Token – A thing serving as a visible or tangible representation of a fact, quality, feeling, etc.
In the realm of API design, a token is a simple string that represents a user that we have previously validated. Now, there’s two ways we can go about actually using a token. We are going to start from the old way.
The Old Way:
This would be a typical way to handle tokens for an API, and if you’ve worked with any kind of API you’re probably familiar with this design:
- Generate random session or token key
- Store payload data in a datastore
- Use session or token key to lookup the payload
Although this design may sound familiar, there’s an obvious problem with it. That is, we need to validate user credentials each time, which means sending our token and then performing a lookup for every request. This is basically going to the front desk for each request. It works, but it’s probably not the most efficient way to go about it. How can remove this bottleneck and have a more performant design?
With this in mind we can look at how token design and cryptography can lead us to a better architecture.
The Better Way:
We can use encryption to have a token design that avoids database lookups entirely. Let’s start with the complete process and then we’ll review it in detail:
- Minimize payload data. The payload should only contain minimal information, like user id, timestamps, and possibly other identification codes.
- Serialize the payload.
- Sign the payload. There are different ways to go about this, but it’s typically done with HMAC.
- Encrypt payload + signature combo
- Base64 encode the encryption result
- The encoded result is your token!
For all this we basically just need a library with a generate token and a parse token methods. There are 3 obvious benefits from this design:
- No database lookups
- No storage requirements for most tokens
- Constant-time token parsing
And there’s only two requirements to be able to parse the tokens correctly:
- Shared encryption and MAC keys between internal services
- Properly implemented crypto libraries
Revocation & Logout
One small issue is that revocation and logout become problematic with this approach. Since we haven’t stored the token anywhere, how do we go about revoking its permission?
To answer that let’s get some details about the data on a typical payload:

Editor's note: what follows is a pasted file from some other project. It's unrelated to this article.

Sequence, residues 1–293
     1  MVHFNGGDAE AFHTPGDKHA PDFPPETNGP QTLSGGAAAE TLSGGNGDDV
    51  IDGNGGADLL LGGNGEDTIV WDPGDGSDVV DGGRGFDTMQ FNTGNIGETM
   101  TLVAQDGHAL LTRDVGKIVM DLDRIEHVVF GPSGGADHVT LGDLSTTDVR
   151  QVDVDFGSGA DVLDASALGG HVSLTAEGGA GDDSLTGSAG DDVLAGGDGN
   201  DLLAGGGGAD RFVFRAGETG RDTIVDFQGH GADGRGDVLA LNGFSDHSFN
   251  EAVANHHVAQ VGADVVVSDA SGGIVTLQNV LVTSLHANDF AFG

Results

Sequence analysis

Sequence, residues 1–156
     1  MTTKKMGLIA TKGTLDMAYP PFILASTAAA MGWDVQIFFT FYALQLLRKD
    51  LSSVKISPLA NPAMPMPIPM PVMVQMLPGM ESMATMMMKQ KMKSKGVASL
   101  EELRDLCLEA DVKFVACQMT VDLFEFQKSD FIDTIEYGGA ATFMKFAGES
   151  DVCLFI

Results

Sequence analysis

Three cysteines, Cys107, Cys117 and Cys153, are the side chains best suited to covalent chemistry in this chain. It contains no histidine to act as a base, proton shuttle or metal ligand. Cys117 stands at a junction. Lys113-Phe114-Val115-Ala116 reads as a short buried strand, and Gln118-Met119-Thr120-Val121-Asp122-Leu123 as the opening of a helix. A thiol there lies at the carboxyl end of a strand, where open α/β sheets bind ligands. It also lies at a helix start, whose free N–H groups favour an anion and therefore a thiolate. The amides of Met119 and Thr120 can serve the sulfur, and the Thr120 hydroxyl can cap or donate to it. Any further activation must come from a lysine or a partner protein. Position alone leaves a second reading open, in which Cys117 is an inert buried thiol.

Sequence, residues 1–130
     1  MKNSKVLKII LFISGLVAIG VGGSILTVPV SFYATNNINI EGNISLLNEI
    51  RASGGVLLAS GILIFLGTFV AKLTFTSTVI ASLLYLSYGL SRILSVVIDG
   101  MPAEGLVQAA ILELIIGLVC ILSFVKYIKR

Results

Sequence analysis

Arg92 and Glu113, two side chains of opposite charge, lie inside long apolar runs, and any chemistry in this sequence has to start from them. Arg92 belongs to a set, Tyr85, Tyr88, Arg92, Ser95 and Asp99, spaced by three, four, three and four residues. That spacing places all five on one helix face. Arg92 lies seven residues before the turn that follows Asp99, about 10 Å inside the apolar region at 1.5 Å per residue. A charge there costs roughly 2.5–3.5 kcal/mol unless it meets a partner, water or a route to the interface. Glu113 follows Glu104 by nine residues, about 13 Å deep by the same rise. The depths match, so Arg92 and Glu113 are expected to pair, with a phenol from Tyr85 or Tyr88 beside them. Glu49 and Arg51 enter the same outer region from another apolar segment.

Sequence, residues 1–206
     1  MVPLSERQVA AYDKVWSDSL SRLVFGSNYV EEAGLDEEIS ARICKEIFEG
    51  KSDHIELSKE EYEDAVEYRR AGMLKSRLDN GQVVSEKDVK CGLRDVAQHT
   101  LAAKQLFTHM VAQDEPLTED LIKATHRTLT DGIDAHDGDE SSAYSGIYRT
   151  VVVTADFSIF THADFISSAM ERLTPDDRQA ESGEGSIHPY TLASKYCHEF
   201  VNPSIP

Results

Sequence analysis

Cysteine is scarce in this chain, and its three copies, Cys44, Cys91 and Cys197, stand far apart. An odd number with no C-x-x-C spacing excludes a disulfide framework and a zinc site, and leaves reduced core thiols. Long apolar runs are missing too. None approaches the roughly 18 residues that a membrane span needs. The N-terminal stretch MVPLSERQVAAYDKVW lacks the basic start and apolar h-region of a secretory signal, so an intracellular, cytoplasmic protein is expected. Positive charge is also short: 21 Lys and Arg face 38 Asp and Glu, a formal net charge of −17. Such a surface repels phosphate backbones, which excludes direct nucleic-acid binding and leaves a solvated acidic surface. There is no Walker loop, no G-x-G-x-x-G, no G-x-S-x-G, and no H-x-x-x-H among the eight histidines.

- User identification
- ID, name, avatarURL
- Token metadata
- issuedAt, expires, sessionID
A token like this has roughly the following characteristics:
– Around 220 bytes in size
– The payload data is encrypted
– Two secret keys are required to parse or generate the tokens. This protects against both spoofing and data leakage.
Now back to logging out. For most APIs, revocation is more of an edge case rather than a common task. It won’t matter much then that when using this design the revocation process is going to be a bit slower than usual. In brief, we’ll have to use a back-channel (e.g. a message queue) that will inform all our services that a specific token has been revoked. Each service must then store in memory (or in a fast data-store cache like memcache or redis) that the token has been revoked. It’s in fact much easier and faster to store only the revoked tokens rather than storing every single one. This way instead of checking if a token is valid we can just check if a payload has been de-authorized.
The process for token permission revocation and logout is therefore:
- Propagate the de-authorization to nodes through a back-channel
- Wait for propagation to finish before responding
Carefully designing our approach to tokens can have significant effects on our overall API architecture. We started by seeing how any website can become an API through simple web scraping (the happy accident). We then reviewed how a front-desk architecture works like a gateway, and its pros and cons. Then we moved to a real Service-Oriented Architecture, and how a different way of designing tokens using some encryption techniques can lead to a new design completely free of database lookups.